Christie Golden is officially my least favorite Star Wars Expanded Universe author. I can't quite place my finger on it. Maybe it's the flippant narrative that turns me off, or the inescapable feeling that the EU is devolving into a young adult romance with Team Sith on one side and Team Jedi on the other, but it was just about all I could do to get through this one. It saddens me that the EU has come to this. The enemies the SW protagonists face keep getting more and more epic - invading armies from outside the galaxy, whole tribes of Sith, and malevolent galactically powerful entities- and with each new level of power, there seems to be less and less effort put into the basics of storytelling. It's almost as if Golden and crew are trying to overcompensate for a lack of character development by overshadowing it with this huge epic that ends up being rather poorly executed. Almost all of Allies
is filled with trendy modern slang and altogether English analogies and idioms that distract from the whole "Galaxy far, far away..." bit. Reading this series makes me miss the Empire. No super powers, no mind control, just sheer cunning and brilliance. Zahn did it right.
Anyway, in this volume, the wandering Luke and Ben team up with the Sith to get to the bottom of the whole crazy Jedi business (dun dun duuuuun), and what a surprise, the Sith are out to betray them. There's a budding romance betwixt the young Ben and Sith apprentice Vestara Khai that oddly resembles the romance between Luke and Mara, but not executed nearly as subtly, tactfully or engagingly. In fact, I find the subplot related to the romance rather dull, unsurprising and leaden, like a series of steps that I already know they have to dance through before they'll ultimately end up together. And, out of left field, there's a strange anti-slavery subplot awkwardly introduced at the midway point in the novel, that, while intriguing and has the possibility to raise some interesting moral, ethical and political questions seems to serve no other purpose than to hasten the political demise of Chief of State Daala, whose slip into full-on dictator in this novel was presented with equal lack of finesse. This whole novel felt like a series of hyperdrive jumps with no taking in the scenery in between, like a plot outline with only the barest connections between the major plot development points with no lead in or discussion in between. The dialogue is just as dismal. Jedi Grand Master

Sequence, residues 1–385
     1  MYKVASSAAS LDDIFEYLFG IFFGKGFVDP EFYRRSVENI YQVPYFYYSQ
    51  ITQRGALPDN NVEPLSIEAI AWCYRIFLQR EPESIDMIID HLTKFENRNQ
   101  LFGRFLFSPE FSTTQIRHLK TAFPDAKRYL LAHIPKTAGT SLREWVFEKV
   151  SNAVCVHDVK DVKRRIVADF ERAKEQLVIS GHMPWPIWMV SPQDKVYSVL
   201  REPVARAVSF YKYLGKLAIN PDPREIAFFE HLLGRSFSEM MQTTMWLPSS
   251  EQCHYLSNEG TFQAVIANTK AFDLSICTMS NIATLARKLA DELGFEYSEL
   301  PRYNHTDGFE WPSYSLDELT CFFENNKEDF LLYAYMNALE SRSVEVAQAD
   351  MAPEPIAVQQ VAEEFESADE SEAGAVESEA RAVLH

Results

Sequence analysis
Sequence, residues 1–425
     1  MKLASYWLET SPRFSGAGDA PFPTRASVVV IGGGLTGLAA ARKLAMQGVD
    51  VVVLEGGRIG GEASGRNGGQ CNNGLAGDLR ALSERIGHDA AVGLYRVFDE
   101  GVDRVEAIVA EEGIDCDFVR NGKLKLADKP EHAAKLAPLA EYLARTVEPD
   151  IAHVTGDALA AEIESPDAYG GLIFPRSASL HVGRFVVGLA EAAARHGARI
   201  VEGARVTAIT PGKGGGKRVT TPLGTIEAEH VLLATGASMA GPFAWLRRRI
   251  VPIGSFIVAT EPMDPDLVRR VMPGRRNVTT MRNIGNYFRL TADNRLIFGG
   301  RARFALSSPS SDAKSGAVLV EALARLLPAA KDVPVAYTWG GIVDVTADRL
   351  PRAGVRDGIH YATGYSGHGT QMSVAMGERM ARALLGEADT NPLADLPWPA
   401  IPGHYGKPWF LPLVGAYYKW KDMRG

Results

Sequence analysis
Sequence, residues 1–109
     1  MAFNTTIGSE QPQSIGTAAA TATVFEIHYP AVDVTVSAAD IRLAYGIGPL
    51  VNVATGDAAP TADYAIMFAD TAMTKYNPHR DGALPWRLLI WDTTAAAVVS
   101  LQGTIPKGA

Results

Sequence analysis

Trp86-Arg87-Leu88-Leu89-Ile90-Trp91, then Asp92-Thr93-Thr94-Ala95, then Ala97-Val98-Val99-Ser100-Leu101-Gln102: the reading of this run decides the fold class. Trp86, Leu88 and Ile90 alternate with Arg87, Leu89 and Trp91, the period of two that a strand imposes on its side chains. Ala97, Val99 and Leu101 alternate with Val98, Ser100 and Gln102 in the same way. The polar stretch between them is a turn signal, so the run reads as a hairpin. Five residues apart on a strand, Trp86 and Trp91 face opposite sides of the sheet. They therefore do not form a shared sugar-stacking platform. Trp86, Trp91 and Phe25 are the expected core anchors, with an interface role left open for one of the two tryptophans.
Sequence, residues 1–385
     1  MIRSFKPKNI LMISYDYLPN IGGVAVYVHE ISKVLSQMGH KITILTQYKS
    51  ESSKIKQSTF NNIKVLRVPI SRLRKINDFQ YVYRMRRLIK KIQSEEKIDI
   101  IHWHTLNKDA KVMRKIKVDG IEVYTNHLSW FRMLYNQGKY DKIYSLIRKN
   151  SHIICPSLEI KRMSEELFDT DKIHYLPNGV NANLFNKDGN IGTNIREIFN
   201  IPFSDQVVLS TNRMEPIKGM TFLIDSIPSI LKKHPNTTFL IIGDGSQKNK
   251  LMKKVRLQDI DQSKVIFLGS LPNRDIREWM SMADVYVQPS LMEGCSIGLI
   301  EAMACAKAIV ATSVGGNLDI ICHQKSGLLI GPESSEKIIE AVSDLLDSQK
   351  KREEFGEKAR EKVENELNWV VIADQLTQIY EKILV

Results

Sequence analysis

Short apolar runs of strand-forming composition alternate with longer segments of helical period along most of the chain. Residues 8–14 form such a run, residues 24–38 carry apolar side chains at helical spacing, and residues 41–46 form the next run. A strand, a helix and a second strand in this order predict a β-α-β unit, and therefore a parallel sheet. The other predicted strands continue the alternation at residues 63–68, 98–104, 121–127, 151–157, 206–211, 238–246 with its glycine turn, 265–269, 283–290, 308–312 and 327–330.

Luke Skywalker can't seem to help but issue childish retorts when dealing with his Sith counterparts, spitting out their titles like he just called them a bad name. The whole thing is rather unsophisticated and demeaning to the characters, universe and themes so painstakingly and brilliantly crafted by previous authors in the EU.
And, being the nerd I am, I'm compelled to finish it, regardless of how bad it is. These characters mean something to me, and I like spending time with them, even in the hands of less capable authors, which is a testament to the literary powers of their predecessors.